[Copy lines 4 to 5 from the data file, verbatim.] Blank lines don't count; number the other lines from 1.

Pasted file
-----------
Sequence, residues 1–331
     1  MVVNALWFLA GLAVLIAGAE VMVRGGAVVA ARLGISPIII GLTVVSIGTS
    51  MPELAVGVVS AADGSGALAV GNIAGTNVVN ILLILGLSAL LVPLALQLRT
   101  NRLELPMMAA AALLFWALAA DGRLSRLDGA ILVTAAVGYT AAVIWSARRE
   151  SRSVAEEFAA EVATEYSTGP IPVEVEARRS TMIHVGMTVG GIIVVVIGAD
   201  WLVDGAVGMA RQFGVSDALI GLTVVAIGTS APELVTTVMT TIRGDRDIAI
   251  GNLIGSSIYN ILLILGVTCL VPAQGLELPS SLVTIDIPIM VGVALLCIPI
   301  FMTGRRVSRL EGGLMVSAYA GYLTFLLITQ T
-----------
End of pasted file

   101  NRLELPMMAA AALLFWALAA DGRLSRLDGA ILVTAAVGYT AAVIWSARRE
   151  SRSVAEEFAA EVATEYSTGP IPVEVEARRS TMIHVGMTVG GIIVVVIGAD